1. Device for holding jacketed fuel assemblies of a gas-cooled nuclear reactor in a grid plate disposed beneath a reactor core and formed with cylindrical bores for receiving therein a respective fuel-assembly foot which serves simultaneously as a coolant inlet, comprising a tubular grid-plate insert member connected respectively to each of the bores for hydraulically holding down the respective fuel assemblies against flow pressure of the coolant, said insert member being closed at the bottom thereof and having at least one lateral opening for passage of coolant to the respective fuel-assembly foot, piston rings peripherally disposed on the fuel-assembly foot above and below said lateral opening for sealing the foot with respect to the inner surface of said insert member, a plurality of wedge-like structural members uniformly distributed about the periphery of the fuel-assembly foot above the lower of said piston rings, and a piston central to said foot and actuatable by a pressure difference of the coolant between an inlet thereof to and an outlet thereof from the respective fuel element, together with a conical yet non-sealing seat of the fuel assembly formed on an upper side of the grid plate, for effecting play-free clamping of the fuel assembly.
2. Device according to claim 1, wherein said insert member has a peripheral wall formed with an elongated bore connecting a gap, defined by the outer surface of the fuel assembly and an inner surface of the grid plate defining the respective cylindrical bore formed therein, to a space within said insert member located below the fuel-assembly foot.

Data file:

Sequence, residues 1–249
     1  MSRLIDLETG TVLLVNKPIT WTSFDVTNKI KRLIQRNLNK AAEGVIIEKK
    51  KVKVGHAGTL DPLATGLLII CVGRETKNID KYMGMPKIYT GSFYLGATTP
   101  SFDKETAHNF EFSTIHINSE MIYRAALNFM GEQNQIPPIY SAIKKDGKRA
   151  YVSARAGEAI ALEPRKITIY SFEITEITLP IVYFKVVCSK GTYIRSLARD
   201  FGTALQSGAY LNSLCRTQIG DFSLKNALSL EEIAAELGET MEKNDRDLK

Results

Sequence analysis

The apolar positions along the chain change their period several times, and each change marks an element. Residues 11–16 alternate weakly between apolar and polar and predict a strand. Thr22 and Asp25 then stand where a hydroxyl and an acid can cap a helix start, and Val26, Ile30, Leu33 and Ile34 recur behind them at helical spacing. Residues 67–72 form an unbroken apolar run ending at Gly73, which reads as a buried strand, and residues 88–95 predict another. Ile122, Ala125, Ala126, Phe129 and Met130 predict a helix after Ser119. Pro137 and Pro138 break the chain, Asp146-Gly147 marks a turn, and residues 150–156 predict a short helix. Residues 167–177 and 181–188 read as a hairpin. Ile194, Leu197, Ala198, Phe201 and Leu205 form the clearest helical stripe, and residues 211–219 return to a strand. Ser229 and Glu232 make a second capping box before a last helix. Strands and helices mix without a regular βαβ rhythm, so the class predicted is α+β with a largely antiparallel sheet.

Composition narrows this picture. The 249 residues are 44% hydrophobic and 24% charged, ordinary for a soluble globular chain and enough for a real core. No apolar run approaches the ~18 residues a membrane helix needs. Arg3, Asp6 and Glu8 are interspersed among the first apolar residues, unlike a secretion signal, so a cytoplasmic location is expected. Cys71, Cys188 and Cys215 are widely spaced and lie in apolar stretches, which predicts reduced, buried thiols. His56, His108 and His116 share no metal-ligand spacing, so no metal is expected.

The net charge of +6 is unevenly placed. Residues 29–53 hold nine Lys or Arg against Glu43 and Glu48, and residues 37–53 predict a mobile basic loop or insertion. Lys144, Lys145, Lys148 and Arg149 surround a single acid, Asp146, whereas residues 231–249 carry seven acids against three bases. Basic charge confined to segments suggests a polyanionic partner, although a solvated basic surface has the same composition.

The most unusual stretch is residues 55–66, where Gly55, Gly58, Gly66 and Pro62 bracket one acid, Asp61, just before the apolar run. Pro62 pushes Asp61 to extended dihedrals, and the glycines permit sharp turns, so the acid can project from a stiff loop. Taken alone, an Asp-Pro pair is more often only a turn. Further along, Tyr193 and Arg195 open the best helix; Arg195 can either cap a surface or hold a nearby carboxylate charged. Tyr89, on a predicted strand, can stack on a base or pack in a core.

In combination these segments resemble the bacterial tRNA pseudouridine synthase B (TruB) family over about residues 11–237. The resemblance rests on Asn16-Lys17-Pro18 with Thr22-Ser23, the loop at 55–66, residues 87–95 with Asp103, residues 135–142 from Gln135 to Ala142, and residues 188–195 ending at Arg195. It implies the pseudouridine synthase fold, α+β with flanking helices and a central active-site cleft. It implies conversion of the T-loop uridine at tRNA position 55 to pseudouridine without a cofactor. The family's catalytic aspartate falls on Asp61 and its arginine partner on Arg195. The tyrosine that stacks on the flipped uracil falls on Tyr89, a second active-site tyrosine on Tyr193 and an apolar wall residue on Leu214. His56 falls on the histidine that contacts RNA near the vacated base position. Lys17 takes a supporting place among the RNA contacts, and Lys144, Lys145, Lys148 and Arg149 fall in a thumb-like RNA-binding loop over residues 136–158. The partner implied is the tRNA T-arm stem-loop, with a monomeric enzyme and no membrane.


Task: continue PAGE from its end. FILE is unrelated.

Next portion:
Description

The invention relates to a device for holding jacketed fuel assemblies of gas-cooled, especially fast, nuclear reactors in a grid plate disposed below the reactor core and formed with cylindrical bores for receiving therein a respective fuel assembly foot which also serves for admitting coolant. The fuel assemblies of such nuclear reactors generally have hexagonal cross sections, are formed of a multiplicity of fuel rods disposed in parallel, and are jacketed over the entire length thereof. The fuel-assembly jacket is attached to the foot of the fuel assembly which generally also has a transition from the hexagonal to a round cross section. With this foot, the fuel assembly is inserted into bores formed in a grid plate disposed below the reactor core, and gaseous coolant, such as helium gas, for example, flows therethrough from there, i.e. from the bottom to the top thereof. Care must be taken, in this regard, that the fuel assembly is not lifted off the seat thereof by the flow pressure of the coolant.